[June 1, tice, our political physicians ought also to pursue the analogy, and to take such measures as shall secure the constitutional representatives of the people of England from again becoming the dupes of passions, which were excited by the stimulus of malignity, and kept alive by the spirit of avarice. At this moment, the only question is one of PRice, and this question of price is a consequence of the difference of the value of money, occasioned by wars, undue expenditure, debt, paper money, and taxes. Of these causes the primary one is removed, and time and perseverance may perhaps renove the others. We shall then be on a level with other nations, or in the situation in which we stood before the first crusade against liberty in America, and we may then grow corn and make bread on the terms of other nations, and may freely import or export as suits our pleasure. But till the causes of the disease are removed, it is absurd and useless to expect or desire a radical cure, and we must be content with palliatives, such as those recommended by the committee of the House of Commons, which simply oppose one change of price by another. As a bonus to the English farmer, it is proposed, that all foreign wheat, (and other grain in proportion) shall be liable to a duty of 24s. when the average price of the maritime districts exceeds 63s. and that as the price advances 1s. the duty shall be reduced 1s. and when above 878. , shall be only 6d. per quarter. Foreign grain can, however, be always brought into the English market on paying the duty, while our own cultivation is protected against advanced prices

by a fine of 24s. per quarter, when the

price is under 68s.-thus, if our price is 54s, and the Polish or American farmer can afford his wheat at 30s. he is still at liberty to import, it in any quantity.* The first propositions of the committee

were

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were to make the price 105s. and they afterwards reduced it to 34s. both of which alarmed the country; but the graduated scale from 63s. to 87s. is a middie measure which is not calculated to excite particular jealousy, if it answer the purpose. It cannot be doubted, that we ought to grow wheat in England, but this cannot be done, unless the grower ineet with fair remuneration for his labour and capital, and is protected from low foreign prices by some judicious laws. Whenever circumstances leave us only a choice of difficulties, the only benefit to be derived from experience and wisdom, is to choose the least. The source of the disease being evidently in the war system), and in the expenditure during the last twenty years of a thousand millions beyond the public income, the radical remedy would be to remove the debt, and with it the taxes raised to pay its interest. God forbid, however, that this should be done by any means inconsistent with the good faith which ought always to characterize the conduct of debtors towards creditors. Time alone, and a more pacific spirit can cure this evil. We must cease to be the dupes of wicked newspapers; and we must not allow ourselves to be excited to projects of revenge, aggrandizement, or conquest, either against the Americans, Norwegians, or any other people who are asserting their rights and liberties, by demoniacal writers who seek only to gratify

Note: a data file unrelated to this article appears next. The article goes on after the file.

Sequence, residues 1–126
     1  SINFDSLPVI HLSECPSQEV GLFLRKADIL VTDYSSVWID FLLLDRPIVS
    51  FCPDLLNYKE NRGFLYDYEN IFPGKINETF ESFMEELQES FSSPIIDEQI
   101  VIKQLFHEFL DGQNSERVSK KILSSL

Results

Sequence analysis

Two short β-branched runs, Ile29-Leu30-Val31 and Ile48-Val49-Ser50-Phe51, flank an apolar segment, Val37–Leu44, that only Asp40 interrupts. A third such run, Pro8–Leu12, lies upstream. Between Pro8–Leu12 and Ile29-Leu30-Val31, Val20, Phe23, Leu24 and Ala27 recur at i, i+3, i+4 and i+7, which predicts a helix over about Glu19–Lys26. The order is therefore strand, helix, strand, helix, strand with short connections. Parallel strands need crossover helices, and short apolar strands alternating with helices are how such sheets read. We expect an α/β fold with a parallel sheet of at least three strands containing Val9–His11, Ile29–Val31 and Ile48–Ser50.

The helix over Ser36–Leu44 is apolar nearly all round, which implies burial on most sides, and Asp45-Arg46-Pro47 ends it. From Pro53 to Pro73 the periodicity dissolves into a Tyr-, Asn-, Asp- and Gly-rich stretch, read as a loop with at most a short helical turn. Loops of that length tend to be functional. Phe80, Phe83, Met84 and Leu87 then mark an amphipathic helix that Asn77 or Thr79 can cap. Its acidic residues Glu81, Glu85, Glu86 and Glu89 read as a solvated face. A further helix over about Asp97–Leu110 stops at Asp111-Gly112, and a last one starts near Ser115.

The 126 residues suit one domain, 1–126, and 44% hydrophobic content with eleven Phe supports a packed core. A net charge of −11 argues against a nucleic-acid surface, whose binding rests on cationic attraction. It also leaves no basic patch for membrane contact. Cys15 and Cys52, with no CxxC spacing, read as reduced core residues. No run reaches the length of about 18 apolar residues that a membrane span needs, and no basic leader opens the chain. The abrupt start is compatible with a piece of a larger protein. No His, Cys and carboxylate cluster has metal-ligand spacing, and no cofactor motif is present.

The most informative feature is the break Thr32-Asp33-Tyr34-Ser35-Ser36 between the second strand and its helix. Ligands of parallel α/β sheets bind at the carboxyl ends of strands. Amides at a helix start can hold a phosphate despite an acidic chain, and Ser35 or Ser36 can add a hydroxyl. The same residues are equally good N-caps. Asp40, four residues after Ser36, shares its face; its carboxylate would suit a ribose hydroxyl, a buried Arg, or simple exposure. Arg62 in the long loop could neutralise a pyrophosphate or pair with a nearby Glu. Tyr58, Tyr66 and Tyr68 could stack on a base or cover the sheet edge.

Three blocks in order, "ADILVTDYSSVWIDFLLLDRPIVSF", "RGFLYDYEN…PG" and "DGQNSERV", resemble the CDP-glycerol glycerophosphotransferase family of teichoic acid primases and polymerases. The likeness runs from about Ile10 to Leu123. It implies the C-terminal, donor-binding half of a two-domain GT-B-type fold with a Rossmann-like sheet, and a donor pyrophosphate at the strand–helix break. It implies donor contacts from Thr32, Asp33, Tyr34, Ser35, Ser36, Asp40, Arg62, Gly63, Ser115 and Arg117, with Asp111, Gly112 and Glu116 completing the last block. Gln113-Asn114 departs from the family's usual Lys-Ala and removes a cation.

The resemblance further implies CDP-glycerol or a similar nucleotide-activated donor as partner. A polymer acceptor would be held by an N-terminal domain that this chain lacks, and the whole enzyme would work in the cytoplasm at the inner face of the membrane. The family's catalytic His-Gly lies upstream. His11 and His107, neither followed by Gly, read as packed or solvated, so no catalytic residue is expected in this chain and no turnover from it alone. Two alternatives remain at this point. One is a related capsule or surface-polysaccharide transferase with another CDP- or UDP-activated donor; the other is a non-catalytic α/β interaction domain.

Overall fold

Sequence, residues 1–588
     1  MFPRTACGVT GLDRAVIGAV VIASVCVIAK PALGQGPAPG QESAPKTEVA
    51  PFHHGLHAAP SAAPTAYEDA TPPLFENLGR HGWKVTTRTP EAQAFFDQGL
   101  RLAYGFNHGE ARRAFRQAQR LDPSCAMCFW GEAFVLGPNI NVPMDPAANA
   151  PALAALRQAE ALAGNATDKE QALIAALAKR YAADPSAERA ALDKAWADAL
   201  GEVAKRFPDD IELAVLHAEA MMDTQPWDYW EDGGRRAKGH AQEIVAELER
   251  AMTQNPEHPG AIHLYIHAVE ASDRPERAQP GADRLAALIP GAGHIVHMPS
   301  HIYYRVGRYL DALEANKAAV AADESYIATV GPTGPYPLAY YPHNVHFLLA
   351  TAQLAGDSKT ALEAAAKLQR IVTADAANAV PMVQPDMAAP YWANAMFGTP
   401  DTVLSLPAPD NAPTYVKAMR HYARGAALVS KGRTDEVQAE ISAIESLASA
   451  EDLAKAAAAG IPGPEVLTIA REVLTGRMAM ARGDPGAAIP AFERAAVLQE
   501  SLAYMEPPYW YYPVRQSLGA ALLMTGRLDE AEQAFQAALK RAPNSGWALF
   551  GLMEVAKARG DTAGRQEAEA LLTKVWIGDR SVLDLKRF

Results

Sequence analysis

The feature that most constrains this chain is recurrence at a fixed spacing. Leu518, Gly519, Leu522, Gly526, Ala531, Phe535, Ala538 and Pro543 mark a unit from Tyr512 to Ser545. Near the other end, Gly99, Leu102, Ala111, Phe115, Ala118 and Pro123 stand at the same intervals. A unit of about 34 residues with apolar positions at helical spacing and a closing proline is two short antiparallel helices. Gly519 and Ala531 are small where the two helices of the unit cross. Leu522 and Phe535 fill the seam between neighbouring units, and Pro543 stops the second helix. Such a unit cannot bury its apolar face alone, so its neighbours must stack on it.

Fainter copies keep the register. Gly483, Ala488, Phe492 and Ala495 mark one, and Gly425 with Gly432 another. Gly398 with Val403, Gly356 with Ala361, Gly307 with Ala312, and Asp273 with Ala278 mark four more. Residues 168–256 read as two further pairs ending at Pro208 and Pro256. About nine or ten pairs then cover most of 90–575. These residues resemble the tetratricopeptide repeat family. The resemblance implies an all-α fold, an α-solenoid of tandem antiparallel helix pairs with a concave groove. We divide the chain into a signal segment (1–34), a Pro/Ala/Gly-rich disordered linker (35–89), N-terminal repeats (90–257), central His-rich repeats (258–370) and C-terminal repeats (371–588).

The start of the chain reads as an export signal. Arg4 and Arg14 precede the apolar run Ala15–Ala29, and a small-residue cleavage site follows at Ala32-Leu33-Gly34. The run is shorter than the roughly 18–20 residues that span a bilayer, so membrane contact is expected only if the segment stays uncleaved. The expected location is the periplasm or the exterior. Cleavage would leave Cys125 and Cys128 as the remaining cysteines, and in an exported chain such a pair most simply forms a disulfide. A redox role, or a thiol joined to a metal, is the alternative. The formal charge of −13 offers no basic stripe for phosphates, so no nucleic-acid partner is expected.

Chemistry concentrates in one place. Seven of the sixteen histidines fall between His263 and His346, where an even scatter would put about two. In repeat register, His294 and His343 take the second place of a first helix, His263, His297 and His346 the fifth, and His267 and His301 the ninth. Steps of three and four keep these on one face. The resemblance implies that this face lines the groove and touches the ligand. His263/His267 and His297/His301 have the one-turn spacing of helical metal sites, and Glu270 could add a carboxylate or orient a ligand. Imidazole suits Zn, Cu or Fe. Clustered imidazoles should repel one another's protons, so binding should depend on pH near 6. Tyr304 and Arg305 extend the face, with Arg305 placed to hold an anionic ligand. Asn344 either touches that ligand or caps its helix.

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Price. Outy. Price. Duty. Price. Duty. S. S. S. S. S. S. S. S. S. 63 to - 24|42 - - 22:32 - - 13 63 to 64; 2442 to 43 22/32 to 33 13 64 to 65 23|43 to 44, 21.33 to 34, 12 G5 to 66 22:44 to 45 2034 to 35 11 66 to 67 21:45 to 46 19 and so on to

67 to 68 20146 to 47 18|44S.

8 to 69 1947 to 48 17 Oats.

69 to 70 1848 to 49 16|31 - - 13 70 to 71 1749 to 50 15|21 to 22 12 {and so on tol and so on to 22 to 23 11 Gs. 638. 23 to 24, 10 - and so on to

w 32s.

their hellish spirit, or their insatiable avarice. JUSTICE must govern the mind and actions of the nation; and then peace, freedom from debt and taxes, plenty, prosperity, and true glory, will be the consequence of her ascendency. On this subject of domestic discord, excited by the mutual jealousies of the landed and commercial interests, the people of England should peruse the fable of Menenius Agrippa, delivered on the occasion of a similar dispute to the people of Rome; and in regard to their foreign policy, they should never forget that a nation which seeks glory, prosperity, or advantages, from the chances of war, is like a man who has recourse to DRAM. DRINKING to keep up his spirits; who goes to LAw to protect his peace, rights, and property; and who frequents the GAMING TABLE for the purpose of bettering his condition. CoMMON SENSE. -oTo the Editor of the Monthly Magazine. SI R,

WAS very glad to see in your 247th

number, page 311, Dr. Shaw's scheme of the seven duplicate vowels. I have for some time been convinced of the truth of that system, but I have looked in many a grammar and spelling-book without ever having had a glimpse of it in print. I must, however, beg leave to correct (as it seems to me) the Dr. in a point or two. In the first place, I think the Dr. wrong in considering the 6 to have a short sound. Every other vowei has a real and perceptible difference between its long and short quantities, but in pronouncing this 6 with the utmost attention, I cannot perceive any difference.